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Medicare reimburses for telehealth services offered by a healthcare provider at a distant site, to a Medicare beneficiary (the patient) at an originating site. The originating site must be in an HPSA (Health Professional Shortage Area).  The types of originating sites authorized by law are: 

  • Physicians or practitioner offices 
  • Hospitals 
  • Critical Access Hospitals (CAH) 
  • Rural Health Clinics 
  • Federally Qualified Health Centers 
  • Hospital-based or CAH-based Renal Dialysis Centers 
  • Skilled Nursing Facilities (SNF) 
  • Community Mental Health Centers (CMHC) 

The patient must be in an HPSA. In order to be eligible for Medicare reimbursement, the patient (Medicare beneficiary) needs to be receiving virtual care at one of the clinical settings mentioned above, which is also located within a Health Professional Shortage Area (HPSA). To see if the health facility is in an HPSA, type in their address to CMS tool. Only certain CPT and HCPCS codes are eligible for telemedicine reimbursement. Medicare has a specific list of CPT and HCPCS codes that are covered under telemedicine services. Since that list is subject to change each year, we also recommend you check the CMS website.   

Use the proper  modifier: When billing for telemedicine visits, you need to use the 95 modifier code for commercial insurance plans, while the “GT” modifier must be included for Medicare and Medicaid plans. 

Telehealth billing a facility fee: Medicare will also pay the originating site a facility fee as reimbursement for hosting the telemedicine visit. For details on the facility fee, look up the HCPCS code Q3014. A new place of service (POS) code 02 has been created for telehealth. 

Telemedicine reimbursement rates: Medicare reimburses telemedicine services at the same rate as the comparable in-person medical service, based on the current Medicare physician fee schedule. Plus, the facility serving as the originating site can charge an additional facility fee. With 49 million Americans enrolled in Medicare, it’s important for providers to understand how this program makes determinations about telemedicine reimbursement. Generally speaking, fee-for-service Medicare reimbursement is dictated by four key areas: the patient setting, the type of technology, geography, and provider type.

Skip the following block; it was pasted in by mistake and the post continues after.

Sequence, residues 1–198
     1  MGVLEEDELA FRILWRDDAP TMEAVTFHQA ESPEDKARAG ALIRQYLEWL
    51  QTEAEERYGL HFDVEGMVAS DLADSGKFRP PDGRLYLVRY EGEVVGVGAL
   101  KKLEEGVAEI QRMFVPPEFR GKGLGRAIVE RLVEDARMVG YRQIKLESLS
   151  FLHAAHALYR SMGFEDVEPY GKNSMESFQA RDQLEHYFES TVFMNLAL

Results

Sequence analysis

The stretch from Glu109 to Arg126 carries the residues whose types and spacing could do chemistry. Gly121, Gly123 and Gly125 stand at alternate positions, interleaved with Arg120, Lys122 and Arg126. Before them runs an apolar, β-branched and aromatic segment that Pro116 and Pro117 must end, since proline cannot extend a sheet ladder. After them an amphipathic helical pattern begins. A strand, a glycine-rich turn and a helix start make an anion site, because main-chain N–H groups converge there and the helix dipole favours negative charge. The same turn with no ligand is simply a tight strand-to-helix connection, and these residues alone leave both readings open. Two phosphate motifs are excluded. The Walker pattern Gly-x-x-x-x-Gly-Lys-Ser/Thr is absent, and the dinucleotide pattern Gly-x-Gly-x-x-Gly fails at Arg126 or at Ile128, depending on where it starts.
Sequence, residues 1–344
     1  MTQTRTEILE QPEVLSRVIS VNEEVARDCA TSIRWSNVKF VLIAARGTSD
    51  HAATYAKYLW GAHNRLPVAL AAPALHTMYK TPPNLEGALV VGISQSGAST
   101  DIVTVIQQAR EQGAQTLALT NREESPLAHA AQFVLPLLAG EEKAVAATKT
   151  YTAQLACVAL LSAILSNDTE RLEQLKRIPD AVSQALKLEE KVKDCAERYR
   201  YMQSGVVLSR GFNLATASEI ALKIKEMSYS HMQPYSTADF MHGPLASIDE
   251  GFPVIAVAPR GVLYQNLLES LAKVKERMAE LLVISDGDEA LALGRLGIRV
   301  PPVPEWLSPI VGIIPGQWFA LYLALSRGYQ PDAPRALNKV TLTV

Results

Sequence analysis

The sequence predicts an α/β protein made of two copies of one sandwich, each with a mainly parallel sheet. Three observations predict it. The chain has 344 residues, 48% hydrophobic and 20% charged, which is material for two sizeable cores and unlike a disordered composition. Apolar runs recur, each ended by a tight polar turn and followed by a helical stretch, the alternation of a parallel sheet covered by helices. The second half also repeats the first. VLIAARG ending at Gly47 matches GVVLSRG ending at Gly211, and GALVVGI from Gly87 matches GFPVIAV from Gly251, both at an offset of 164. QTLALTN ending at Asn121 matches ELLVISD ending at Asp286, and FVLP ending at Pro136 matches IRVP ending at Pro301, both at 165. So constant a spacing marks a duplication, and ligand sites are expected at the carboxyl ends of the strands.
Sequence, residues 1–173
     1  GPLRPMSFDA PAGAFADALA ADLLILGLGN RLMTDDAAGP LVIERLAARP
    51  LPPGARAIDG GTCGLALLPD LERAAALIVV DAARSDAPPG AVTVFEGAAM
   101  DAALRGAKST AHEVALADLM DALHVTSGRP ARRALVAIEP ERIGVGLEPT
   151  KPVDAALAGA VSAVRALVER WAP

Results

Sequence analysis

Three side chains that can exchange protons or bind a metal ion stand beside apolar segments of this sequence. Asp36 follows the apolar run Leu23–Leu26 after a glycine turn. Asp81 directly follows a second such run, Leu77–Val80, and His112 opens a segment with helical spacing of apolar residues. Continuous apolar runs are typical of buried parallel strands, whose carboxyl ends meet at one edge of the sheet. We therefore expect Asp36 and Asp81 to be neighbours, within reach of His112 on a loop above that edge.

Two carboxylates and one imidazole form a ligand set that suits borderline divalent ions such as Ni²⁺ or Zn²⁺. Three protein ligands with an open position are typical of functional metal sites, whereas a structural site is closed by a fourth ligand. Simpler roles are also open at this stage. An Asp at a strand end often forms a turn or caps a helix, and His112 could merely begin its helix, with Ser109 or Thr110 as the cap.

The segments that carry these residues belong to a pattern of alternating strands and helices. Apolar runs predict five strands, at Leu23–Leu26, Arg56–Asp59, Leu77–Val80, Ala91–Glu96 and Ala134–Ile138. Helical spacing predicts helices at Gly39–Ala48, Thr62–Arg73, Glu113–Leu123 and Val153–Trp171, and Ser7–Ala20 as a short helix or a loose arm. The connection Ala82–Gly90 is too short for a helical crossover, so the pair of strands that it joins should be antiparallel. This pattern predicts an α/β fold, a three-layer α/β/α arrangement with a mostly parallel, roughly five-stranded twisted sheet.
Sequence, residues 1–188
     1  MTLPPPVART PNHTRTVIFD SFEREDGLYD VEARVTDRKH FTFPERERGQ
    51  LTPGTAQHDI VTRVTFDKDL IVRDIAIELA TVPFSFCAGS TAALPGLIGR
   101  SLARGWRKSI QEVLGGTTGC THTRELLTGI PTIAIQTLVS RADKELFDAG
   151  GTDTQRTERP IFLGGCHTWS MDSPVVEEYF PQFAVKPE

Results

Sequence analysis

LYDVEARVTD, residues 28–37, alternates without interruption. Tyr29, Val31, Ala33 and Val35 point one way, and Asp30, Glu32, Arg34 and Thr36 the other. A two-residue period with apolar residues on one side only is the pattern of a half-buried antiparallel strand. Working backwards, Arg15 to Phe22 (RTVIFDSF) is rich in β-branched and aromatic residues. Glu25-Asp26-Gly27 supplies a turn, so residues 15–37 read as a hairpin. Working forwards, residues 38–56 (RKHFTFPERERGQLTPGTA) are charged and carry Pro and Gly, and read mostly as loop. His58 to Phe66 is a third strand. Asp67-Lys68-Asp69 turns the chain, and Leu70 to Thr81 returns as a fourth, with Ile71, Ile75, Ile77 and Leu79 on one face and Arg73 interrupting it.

Patient Setting: Medicare requires that the patient setting, termed the “originating site,” be a clinical site such as a doctor’s office or hospital. However, multiple congressional efforts have focused on expanding Medicare payment and demonstrating the clinical and financial value of serving this population through telehealth technologies. The Alliance for Connected Care estimates that choosing telemedicine visits over in-person treatment for acute care when medically appropriate would result in cost savings for Medicare—$45 per visit—a convincing argument for defining the patient setting more broadly. In fact, as part of its Next Generation ACO initiative, Medicare will remove this restriction for participating ACOs, arguably the first step toward lifting this restriction for its entire population. 

Technology: Medicare is quite forward-thinking when it comes to the technology, defining reimbursable telemedicine as “interactions between a healthcare professional and a patient via real-time audio-video technology” (CFR Title 42, Part 410.78, “Telehealth Services”). This definition is in line with the model policy of the Federation of State Medical Boards (FSMB), which represents the 70 state medical and osteopathic regulatory boards. Because the FSMB is considered the ultimate arbiter of quality in medical practice and regulation, its recommendation carries considerable weight, setting the standard for the industry. 

Geography: Medicare is also the most focused on geographic restrictions, while many state Medicaid programs and private insurers are more likely to see telemedicine as location-agnostic. Geography refers to the type of area in which the patient resides (i.e., urban, rural, etc.). Medicare only covers telemedicine when the patient is presenting from a defined rural area termed a Professional Shortage Areas or a county outside of a defined Metropolitan Statistical Area. While this is currently a barrier to telemedicine adoption, the Next Generation ACO initiative will also remove these restrictions, painting a hopeful picture for future policy change. 

Provider Type: Medicare scores well here, reimbursing a reasonable number of defined provider types for telemedicine encounters. These include physicians, nurse practitioners, psychologists, social workers, and dietitians, among others. 

Medicare Advantage: While the current telemedicine landscape for fee-for-service beneficiaries is limited, primarily due to “originating site” restrictions, many Medicare Advantage enrollees are currently covered for telemedicine services, regardless of location. Commercial plans have added telemedicine as a supplemental benefit, realizing the clear value and benefit that exist for the Medicare population. This is an extremely positive sign for the future, as these at-risk, capitated plans are not known to make investments that don’t yield resultsii